FIRST PERSON - Alex Magno (The Philippine Star) - July 11, 2019 - 12:00am

The latest SWS survey shows President Rodrigo Duterte garnering an 80% satisfaction rating at the midpoint of his term. That is unprecedented. 

Those who wish the President’s political base would somehow evaporate with constant drumming about surrendering sovereignty or waging a bloody war on drugs are spitting against the wind. They are wishing against the evidence.

There are large trends that could not be reversed. Poverty incidence is down dramatically. Unemployment is climbing down as well. Social services, such as free tertiary education and universal health care, are forthcoming. 

Despite the slight setback caused by the delayed passage of this year’s budget, the growth momentum remains strong. The Philippines continues to be a growth leader in this part of the world, protected from the vagaries of the global market by strong domestic demand. 

The ambitious infrastructure modernization program, with its awesome multiplier effects, will drive domestic growth. For many of our people, this program alone excuses everything. It is palpable and visible. It drives up property values and brings efficiency to many economic sectors. 

While human rights activists rail about the killings associated with the war on drugs, the man on the street appreciates the peace and order this has caused. Crime volumes are dramatically down.

The greater number of Filipinos shares the pragmatism of the Duterte administration in rebalancing our foreign relations. All the ranting about surrendering our sovereignty in the rocks and reefs of the South China Sea strikes our people as abstract. The benefits we win in improving relations with China are concrete. 

At midpoint, the Duterte administration’s political capital is even larger than when it began. That is significant.

The administration has the political means to move its agenda further. The State of the Nation Address should give us a glimpse of where the President might want to take the nation. 

Most of our people feel that today the nation has willful leadership and effective governance. The national community will be better because of that.

The best measure of willful leadership is the pace with which projects are getting done. The effectiveness of governance is summed up in the fiscal discipline that has earned us unprecedented credit ratings upgrade. 

The public’s expectation for willful leadership and effective governance trickles down to the local executive level. People expect their mayors and governors to be both compassionate and decisive.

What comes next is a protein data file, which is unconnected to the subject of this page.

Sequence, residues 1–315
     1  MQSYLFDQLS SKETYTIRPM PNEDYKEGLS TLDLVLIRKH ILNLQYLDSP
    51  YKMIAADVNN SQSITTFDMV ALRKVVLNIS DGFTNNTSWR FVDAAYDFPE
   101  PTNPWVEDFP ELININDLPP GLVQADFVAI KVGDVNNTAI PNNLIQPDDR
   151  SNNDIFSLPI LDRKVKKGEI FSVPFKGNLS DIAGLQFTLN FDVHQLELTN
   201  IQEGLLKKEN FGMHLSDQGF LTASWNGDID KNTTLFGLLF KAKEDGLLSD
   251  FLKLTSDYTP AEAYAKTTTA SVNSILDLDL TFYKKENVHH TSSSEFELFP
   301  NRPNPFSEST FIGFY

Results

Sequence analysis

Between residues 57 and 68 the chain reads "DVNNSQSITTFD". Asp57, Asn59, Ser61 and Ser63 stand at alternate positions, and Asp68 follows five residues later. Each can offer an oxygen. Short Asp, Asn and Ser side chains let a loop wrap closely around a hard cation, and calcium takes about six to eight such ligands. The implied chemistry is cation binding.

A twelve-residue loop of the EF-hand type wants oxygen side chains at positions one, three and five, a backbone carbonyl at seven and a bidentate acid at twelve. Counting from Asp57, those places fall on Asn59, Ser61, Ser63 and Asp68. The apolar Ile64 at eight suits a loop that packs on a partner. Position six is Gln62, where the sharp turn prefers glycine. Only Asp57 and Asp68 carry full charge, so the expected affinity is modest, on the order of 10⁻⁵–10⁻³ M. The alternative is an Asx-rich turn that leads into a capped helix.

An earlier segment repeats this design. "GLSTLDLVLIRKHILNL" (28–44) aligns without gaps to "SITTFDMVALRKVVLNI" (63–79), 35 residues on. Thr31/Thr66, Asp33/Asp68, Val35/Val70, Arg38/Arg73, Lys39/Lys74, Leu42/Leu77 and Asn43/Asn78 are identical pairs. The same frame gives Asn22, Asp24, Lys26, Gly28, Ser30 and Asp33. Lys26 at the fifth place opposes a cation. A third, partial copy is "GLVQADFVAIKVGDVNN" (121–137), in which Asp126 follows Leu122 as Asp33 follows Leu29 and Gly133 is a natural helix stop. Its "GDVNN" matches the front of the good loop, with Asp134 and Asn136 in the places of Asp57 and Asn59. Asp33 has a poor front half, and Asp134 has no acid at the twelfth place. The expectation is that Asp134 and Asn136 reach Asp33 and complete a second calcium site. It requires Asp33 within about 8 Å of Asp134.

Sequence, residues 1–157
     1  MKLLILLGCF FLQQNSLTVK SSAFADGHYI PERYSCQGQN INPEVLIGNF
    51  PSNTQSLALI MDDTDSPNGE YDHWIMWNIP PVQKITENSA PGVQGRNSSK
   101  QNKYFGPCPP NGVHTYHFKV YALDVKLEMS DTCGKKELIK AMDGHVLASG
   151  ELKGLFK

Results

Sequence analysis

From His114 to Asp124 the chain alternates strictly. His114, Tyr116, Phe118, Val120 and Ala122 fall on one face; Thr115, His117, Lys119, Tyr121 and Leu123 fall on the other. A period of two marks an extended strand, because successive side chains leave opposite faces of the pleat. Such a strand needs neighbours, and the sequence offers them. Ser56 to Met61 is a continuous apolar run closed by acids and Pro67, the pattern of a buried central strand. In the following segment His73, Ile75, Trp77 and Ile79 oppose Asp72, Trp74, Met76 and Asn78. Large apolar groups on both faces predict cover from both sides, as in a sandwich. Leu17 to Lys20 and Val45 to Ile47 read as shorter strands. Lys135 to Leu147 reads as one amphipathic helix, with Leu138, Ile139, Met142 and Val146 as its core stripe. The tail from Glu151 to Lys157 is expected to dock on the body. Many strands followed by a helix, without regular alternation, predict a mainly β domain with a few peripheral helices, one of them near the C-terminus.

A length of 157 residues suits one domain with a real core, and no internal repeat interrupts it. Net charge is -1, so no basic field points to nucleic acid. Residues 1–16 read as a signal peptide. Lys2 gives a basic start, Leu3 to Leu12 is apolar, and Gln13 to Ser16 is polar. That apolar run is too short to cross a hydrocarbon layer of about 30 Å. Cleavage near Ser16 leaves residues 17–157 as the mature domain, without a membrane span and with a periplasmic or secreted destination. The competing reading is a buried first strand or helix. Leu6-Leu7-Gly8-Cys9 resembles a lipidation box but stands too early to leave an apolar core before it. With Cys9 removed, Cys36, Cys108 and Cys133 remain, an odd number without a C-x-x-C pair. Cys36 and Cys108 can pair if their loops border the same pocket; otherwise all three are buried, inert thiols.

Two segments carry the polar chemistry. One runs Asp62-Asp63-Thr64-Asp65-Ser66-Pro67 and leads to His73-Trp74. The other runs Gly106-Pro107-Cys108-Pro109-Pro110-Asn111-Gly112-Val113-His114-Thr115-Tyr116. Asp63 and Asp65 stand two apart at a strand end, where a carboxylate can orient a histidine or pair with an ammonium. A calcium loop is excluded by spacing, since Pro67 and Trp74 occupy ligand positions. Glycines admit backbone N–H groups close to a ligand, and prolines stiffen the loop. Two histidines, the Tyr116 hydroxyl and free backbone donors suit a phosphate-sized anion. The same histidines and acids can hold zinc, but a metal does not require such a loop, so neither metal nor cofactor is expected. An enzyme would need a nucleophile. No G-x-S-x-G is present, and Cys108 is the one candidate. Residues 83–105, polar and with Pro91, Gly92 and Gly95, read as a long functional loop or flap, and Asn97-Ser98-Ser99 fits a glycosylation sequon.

See how people have cheered when Isko Moreno hit the ground running in the City of Manila, clearing the clogged roads of illegal vendors and setting a clear policy agenda to reverse that city’s slow death. See how our people cheered when Benjie Magalong took Baguio City’s problems by the horns.

The Duterte administration sets a new benchmark for leadership that will influence the political choices our people will make going forward.


 If President Duterte did not endorse anyone to be Speaker of the House, Rep. Joey Salceda said, the prospect was for a “bloody floor fight” on the day of the SONA. The opening of Congress would be as it was last year: tumultuous.

Reluctantly, the President “anointed” a leader for a House when none of the principal contenders appeared capable of mustering an outright majority. He had wanted to stay out of the fray even as he must have been conscious of the tradition that the President effectively names the Speaker. 

He had to move quickly, too. His daughter and son last week began forming what they called a “Duterte coalition” that endorsed Isidro Ungab for the Speakership. Had this gathered momentum, the President would have lost command of the House to, ironically, his children.

Duterte was also bound by an earlier promise made to Cayetano. He had to somehow stand by that.

Of the three serious contenders for the top House post, Cayetano probably enjoyed the least support from his colleagues. If a “bloody floor fight” did break out, it would be between Lord Velasco and Martin Romualdez. The two contenders had enrolled the most number of congressmen behind their bids.

Some have described Duterte’s decision to enforce a term-sharing arrangement between Cayetano and Velasco, along with the installation of Romualdez as majority leader, “Solomonic.” It was not. It was plain pragmatic. It should most accurate to describe the President’s role as one of an “arbiter” in a factional struggle without anyone gaining hegemony.

The “Magellan” formula for term sharing was the only one acceptable to the parties concerned. Duterte gets to keep his promise to Cayetano. He appeases his PDP-Laban mates by getting their favored Velasco to be Speaker at some point. 

There are clear losers in the modus vivendi enforced by Duterte. The party-list bloc, that was maneuvering to be the largest single faction in the House, was sidelined. Romualdez, who might have had the largest numbers of supporters, was eased from contention.  Sara and Paolo Duterte were dislodged as the decisive powerbrokers in that chamber.

As a concession, the “supermajority” is likely to name Ungab to chair the powerful appropriations committee. That keeps the Davao brand in play apart from ensuring the budget process proceeds on schedule.

Fredenil Castro, an outspoken supporter of Romualdez is expected to become minority leader. This brings us to another open secret about politics at the House: the majority gets to name the minority leader.

 By exercising his role as “arbiter” over an inconclusive factional fight, the President gets to keep his “supermajority.” No one is completely happy about this arrangement. No one is completely excluded either. 

The spoils were divided equitably even if imperfectly. 

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